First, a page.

In this court the appellant presents a brief and the only defense which he makes is that the evidence adduced during the trial of the cause was not sufficient to show that he was guilty of the crime with which he was charged, beyond a reasonable doubt.
In addition to the fact that he was seen in the city of Manila by Felisa Banal, in possession of a knife and a gold watch which belonged to the deceased Kubillus, and which were taken by the deceased to the Province of Zambales, we have his voluntary extrajudicial confession that he committed the crime at the place and time and in the manner described in the complaint. His extrajudicial confession was corroborated in three particulars a place was found where a house had been burned in the sitio of Nagsasa, Province of Zambales; the charred remains of a human being were found in the ashes of the burned house; a trunk, tampipi, a suitcase, a tripod, a transit, shoes and other effects were found buried in the sand near the place where the house was burned, in accordance with the confession of the defendant. Courts are slow to accept extrajudicial confessions, when they are subsequently disputed, unless they are corroborated by other testimony. Generally the question of the admissibility of extrajudicial confessions is necessarily addressed, in the first instance, to the judge, and since such discretion must be controlled by all the attendant circumstances, the courts have wisely foreborne to mark with absolute precision any rules limiting the admission or exclusion of such testimony. Their admissibility must depend largely in each case upon the facts and circumstances surrounding the same. (Hopt vs. Utah, 110 U. S., 574; Bram vs. U. S., 168 U. S., 532; Wilson vs. U. S., 162 U. S., 613.)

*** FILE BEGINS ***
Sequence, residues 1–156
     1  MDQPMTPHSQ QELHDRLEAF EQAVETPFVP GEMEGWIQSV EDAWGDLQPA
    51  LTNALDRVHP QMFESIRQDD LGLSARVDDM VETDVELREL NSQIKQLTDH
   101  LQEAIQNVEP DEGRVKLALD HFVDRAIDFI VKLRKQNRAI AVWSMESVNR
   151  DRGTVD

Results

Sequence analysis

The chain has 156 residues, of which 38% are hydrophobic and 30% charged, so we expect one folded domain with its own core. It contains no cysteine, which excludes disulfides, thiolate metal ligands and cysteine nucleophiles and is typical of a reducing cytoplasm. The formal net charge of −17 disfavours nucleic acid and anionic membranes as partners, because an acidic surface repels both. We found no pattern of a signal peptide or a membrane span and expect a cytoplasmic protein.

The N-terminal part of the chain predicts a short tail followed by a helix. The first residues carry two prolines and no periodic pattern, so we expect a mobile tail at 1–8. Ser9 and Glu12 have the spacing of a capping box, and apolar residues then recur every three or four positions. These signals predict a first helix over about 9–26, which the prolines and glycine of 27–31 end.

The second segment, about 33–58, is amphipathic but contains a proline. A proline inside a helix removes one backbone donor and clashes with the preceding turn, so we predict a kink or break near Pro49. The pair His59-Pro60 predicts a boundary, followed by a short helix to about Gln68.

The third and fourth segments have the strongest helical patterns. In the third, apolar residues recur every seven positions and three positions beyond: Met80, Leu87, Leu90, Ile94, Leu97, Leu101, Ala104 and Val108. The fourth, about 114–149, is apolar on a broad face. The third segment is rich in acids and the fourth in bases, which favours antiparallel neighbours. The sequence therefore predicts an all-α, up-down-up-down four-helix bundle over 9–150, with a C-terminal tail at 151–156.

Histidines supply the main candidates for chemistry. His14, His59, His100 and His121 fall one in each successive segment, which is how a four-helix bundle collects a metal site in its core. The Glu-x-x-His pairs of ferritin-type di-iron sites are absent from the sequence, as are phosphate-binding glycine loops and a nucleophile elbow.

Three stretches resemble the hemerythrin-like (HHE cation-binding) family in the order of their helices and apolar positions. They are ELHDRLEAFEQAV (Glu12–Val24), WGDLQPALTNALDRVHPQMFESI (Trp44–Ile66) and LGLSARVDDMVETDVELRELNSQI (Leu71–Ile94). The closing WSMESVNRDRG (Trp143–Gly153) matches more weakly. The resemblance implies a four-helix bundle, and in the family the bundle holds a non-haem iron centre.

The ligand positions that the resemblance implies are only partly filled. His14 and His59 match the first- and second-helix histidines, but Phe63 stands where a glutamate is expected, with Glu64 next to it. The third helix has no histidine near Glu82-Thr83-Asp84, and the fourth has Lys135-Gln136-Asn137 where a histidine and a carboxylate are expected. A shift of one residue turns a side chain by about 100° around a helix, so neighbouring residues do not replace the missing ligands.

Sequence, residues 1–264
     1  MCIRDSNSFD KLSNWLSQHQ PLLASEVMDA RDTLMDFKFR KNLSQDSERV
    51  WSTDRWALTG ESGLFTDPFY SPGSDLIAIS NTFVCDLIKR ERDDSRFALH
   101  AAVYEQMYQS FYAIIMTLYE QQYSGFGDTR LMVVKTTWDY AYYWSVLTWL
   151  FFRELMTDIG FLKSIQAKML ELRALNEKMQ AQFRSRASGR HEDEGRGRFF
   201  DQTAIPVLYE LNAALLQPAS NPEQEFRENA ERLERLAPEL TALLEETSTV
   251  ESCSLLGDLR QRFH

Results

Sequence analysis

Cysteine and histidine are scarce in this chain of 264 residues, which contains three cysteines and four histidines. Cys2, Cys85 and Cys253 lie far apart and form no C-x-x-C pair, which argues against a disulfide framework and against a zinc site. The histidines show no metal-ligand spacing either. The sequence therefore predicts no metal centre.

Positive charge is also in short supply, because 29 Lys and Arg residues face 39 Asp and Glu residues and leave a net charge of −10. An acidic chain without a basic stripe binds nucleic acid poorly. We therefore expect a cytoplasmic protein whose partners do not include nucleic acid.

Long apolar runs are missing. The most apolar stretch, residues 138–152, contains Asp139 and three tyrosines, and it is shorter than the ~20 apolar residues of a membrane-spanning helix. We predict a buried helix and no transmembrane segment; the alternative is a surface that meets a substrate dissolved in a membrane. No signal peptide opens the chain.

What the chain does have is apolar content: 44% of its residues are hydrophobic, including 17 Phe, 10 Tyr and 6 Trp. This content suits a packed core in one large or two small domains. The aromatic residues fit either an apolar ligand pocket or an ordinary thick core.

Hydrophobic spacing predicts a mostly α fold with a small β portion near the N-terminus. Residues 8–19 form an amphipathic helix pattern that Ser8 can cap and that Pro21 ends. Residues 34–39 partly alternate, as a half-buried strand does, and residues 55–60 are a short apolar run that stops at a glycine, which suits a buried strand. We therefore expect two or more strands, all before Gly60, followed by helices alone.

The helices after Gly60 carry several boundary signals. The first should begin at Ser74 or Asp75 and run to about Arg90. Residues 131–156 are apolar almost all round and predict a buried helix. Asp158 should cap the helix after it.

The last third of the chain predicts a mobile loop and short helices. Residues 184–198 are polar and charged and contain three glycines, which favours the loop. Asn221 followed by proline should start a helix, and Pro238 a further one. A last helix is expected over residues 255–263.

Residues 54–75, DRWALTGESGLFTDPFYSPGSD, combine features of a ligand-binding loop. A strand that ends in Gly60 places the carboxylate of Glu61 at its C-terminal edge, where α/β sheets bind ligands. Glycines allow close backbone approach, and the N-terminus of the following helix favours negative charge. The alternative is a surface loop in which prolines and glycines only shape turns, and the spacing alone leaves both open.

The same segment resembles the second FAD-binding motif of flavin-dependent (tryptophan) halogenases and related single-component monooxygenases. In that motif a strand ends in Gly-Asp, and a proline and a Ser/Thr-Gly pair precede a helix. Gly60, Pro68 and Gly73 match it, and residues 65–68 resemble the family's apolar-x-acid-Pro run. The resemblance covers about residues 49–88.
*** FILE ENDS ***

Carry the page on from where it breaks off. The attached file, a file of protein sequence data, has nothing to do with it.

In all cases, however, before such confessions are admissible, it must be shown that they were made freely and voluntarily, without compulsion or inducement or hope of reward of any sort. (Wilson vs. V. S., 162 U. S., 613; Bram vs. U. S., 168 U. S., 532; Hardy vs. V. S., 186 U. S., 224.)
One reason why the courts should be careful in accepting as evidence extrajudicial confessions, is that they are frequently made because the defendant may be induced to make them through hope or fear or for a reward. In order to constitute a voluntary confession, it should have been freely and voluntarily given, with no promise, inducement, encouragement, hope, favor, threats, or violence. (Wilson vs. U. S., 162 U. S., 613.)
Confessions which are obtained by coercion or threat, by creating a fear or by giving a promise of assistance or reward, will be subject to objection and rejection on the part of the court. (Bram vs. U.S., 168 U. S., 532; Hardy vs. U. S., 186 U. S., 224.)
After a full consideration of the record and of all the facts and circumstances, we are convinced that the defendant is guilty of the crime charged, and that the sentence of the lower court should be affirmed, with costs. So ordered.
Arellano, C. J., Torres, Carson, and Araullo, JJ., concur.